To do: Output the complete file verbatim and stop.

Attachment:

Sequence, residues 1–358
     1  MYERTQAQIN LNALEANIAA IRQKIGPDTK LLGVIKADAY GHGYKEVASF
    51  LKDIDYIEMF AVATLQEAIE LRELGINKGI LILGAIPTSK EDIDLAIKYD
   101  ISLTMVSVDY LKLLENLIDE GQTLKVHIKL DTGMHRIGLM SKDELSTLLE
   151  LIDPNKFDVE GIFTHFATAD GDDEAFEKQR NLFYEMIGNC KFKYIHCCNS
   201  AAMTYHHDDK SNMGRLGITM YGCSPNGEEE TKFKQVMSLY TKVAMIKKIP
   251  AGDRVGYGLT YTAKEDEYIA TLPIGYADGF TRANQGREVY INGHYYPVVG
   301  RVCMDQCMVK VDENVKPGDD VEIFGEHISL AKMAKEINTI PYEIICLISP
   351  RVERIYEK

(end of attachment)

Sequence, residues 1–358
     1  MYERTQAQIN LNALEANIAA IRQKIGPDTK LLGVIKADAY GHGYKEVASF
    51  LKDIDYIEMF AVATLQEAIE LRELGINKGI LILGAIPTSK EDIDLAIKYD
   101  ISLTMVSVDY LKLLENLIDE GQTLKVHIKL DTGMHRIGLM SKDELSTLLE
   151  LIDPNKFDVE GIFTHFATAD GDDEAFEKQR NLFYEMIGNC KFKYIHCCNS
   201  AAMTYHHDDK SNMGRLGITM YGCSPNGEEE TKFKQVMSLY TKVAMIKKIP
   251  AGDRVGYGLT YTAKEDEYIA TLPIGYADGF TRANQGREVY INGHYYPVVG
   301  RVCMDQCMVK VDENVKPGDD VEIFGEHISL AKMAKEINTI PYEIICLISP
   351  RVERIYEK